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Walking in Wales

Walking in Wales


Wales is a small country with a big mystique.
 
Clouds roll over a countryside of verdant meadows; mountains; and picturesque villages from another time, dappling it all in gray shadows one minute and bright sunshine the next. Foreboding fortresses from the Middle Ages stand watch from the heights, as they did a thousand years ago. And cliffs laden with fields of heather plunge down sharply to isolated white beaches.
 
All of which makes Wales a walker's paradise. The Wales Coast Path, just opened in May, winds for 870 miles along the borders. Combined with the Offa's Dyke Path National Trail, it creates a loop of 1,030 miles of countryside, and a continuous walking route around the entire country.   
 
Certain sections of the Coast Path are open to bikers, and there are also spots for horseback riders. Along the way, you'll come to two National Parks, 11 National Nature Reserves, 14 Heritage Coasts, 23 sites on Britain's Register of Historic Landscapes, 42 beaches - and scenes of astounding natural beauty. The Coast Path is a way to see the real Wales, and to get lost in the villages and meadows that you'd fly by when travelling by car, bus or train.
 
The Path will take you through Wales' varied regions and ecosystems. On the North Wales Coast & Dee Estuary area, you'll find beaches and friendly villages. On the Isle of Anglesey, you'll find a rich history and stunning landscapes. In the region of Menai, Llyˆn & Meirionnydd, you'll pass through Wales' most magnificent natural setting, in Snowdonia National Park.
 
You'll see of variety of wildlife you've probably never seen before. You'll come upon mudflats that are feeding grounds for wildfowl and waders, including oystercatcher, knot and dunlin, Striking carboniferous limestone formations cliff carved by the Ice Age. Coastal dune systems. And dolphins, porpoise, seals, and a host of marine birds.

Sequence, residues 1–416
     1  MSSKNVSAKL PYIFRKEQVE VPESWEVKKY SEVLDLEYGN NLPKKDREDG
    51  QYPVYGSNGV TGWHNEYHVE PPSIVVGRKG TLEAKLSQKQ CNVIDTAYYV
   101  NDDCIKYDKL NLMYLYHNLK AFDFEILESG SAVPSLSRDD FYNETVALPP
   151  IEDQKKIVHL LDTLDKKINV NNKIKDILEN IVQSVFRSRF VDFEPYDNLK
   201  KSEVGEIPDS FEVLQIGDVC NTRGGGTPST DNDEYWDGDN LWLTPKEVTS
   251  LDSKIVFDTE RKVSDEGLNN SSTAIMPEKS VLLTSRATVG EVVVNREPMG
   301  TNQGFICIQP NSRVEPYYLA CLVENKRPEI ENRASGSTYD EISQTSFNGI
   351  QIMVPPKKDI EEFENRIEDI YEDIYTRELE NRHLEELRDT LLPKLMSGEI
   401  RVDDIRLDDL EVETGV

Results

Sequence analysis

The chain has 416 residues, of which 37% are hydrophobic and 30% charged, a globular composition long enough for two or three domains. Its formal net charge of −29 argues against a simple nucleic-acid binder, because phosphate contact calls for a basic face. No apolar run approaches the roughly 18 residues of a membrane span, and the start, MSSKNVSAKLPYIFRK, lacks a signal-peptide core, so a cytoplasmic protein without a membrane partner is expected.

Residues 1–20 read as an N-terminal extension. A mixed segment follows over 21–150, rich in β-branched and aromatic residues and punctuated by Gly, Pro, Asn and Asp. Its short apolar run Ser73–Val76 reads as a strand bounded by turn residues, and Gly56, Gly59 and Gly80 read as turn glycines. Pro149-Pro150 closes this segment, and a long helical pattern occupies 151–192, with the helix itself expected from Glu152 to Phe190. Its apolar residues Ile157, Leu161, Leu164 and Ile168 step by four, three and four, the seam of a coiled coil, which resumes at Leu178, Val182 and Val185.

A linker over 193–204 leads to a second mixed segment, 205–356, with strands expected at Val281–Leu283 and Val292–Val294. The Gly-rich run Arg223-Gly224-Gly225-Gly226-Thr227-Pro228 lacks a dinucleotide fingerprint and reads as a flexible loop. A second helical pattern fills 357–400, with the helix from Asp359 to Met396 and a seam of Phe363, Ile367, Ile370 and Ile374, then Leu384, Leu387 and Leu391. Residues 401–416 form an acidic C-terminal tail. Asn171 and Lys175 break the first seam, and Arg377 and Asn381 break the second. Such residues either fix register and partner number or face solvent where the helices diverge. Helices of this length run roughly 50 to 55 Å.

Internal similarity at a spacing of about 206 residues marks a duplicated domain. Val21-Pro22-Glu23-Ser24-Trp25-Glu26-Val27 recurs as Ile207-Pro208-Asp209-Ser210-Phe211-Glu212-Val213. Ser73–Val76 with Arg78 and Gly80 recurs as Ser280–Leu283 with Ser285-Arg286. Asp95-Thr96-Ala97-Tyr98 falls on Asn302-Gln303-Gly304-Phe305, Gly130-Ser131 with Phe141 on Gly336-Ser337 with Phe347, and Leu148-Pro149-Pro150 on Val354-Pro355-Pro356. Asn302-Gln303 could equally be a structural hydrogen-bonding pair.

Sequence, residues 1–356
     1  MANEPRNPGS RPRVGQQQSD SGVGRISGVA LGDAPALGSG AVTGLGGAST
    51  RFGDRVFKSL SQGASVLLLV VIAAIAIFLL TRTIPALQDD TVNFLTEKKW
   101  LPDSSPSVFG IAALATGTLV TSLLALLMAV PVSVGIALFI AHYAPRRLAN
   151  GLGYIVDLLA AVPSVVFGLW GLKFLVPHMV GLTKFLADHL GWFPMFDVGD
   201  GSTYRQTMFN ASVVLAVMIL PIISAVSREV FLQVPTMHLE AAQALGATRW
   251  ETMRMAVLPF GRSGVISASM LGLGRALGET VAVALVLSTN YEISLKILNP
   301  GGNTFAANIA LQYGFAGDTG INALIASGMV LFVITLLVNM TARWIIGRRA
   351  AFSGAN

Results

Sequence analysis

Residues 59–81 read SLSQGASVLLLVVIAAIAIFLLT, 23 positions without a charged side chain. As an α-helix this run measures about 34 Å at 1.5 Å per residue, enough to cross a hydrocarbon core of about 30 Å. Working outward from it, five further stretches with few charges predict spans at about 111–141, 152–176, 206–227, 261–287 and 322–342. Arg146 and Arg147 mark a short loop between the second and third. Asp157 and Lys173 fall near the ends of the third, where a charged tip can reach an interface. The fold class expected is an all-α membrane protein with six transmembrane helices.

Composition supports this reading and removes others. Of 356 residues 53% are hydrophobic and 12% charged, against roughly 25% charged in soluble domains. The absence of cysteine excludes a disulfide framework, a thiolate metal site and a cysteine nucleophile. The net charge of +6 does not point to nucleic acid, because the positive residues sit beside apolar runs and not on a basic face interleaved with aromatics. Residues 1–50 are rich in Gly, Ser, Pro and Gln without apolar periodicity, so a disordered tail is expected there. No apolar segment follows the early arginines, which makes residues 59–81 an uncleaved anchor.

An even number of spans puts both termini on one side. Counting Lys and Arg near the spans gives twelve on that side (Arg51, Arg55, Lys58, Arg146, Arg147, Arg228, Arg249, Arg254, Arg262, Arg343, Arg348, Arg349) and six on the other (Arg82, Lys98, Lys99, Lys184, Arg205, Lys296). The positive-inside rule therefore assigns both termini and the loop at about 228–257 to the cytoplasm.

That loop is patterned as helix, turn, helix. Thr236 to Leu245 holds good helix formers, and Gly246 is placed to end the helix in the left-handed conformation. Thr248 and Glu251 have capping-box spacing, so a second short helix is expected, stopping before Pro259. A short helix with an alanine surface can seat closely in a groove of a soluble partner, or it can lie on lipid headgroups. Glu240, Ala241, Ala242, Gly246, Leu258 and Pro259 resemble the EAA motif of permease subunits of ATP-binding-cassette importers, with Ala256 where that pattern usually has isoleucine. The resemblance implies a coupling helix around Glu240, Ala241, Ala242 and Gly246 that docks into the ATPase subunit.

You can't walk very far without bumping into something of historical significance. In the North Wales Coast & Dee Estuary area, you'll come upon the walled town of Conwy, with 22 Medieval towers. Constructed by the English monarch Edward I between 1283 and 1289, the castle here is a World Heritage Site, and considered the most magnificent of Edward I's Welsh fortresses. In the village of Rhos-on-Sea, you'll walk into St. Trillo's, Britain's smallest church - unless there are already six people in it, in which case you'll have to wait for one of them to leave. The chapel was built in the 6th-Century, on the site of a pre-Christian holy well. .
 
You can also take in parts of the Wales Coast Path on horseback. The Gwynedd region offers beach rides against the stunning backdrop of Snowdonia National Park. And in the Pembrokeshire area, you can visit Britain's smallest city, St. Davids (pop. 1600), and ride out into the surrounding countryside on a magnificent Gypsy Vanner, a horse with a body like a Clydesdale and a coat of fur of which a sheep would be proud. 
 
The Welsh themselves are inveterate walkers. And they celebrate the walking culture with no less than a dozen major walking festivals throughout the year.
 
You'll also be exposed to one of the world's most colorful languages, as the country is festooned with arrow-shaped road signs with village names that generally have ten or more letters, a boatload of l's, r's, d's, and th's, and a beautiful, lilting rhythm.
 
If you're lucky, along the way you'll hear one of those Welsh tenors belting out a song from a neighborhood pub.
 
By all means, stop and go in. You'll be welcomed like an old friend. And you'll get a genuine "Diolch!" - Thanks for stopping in!
 

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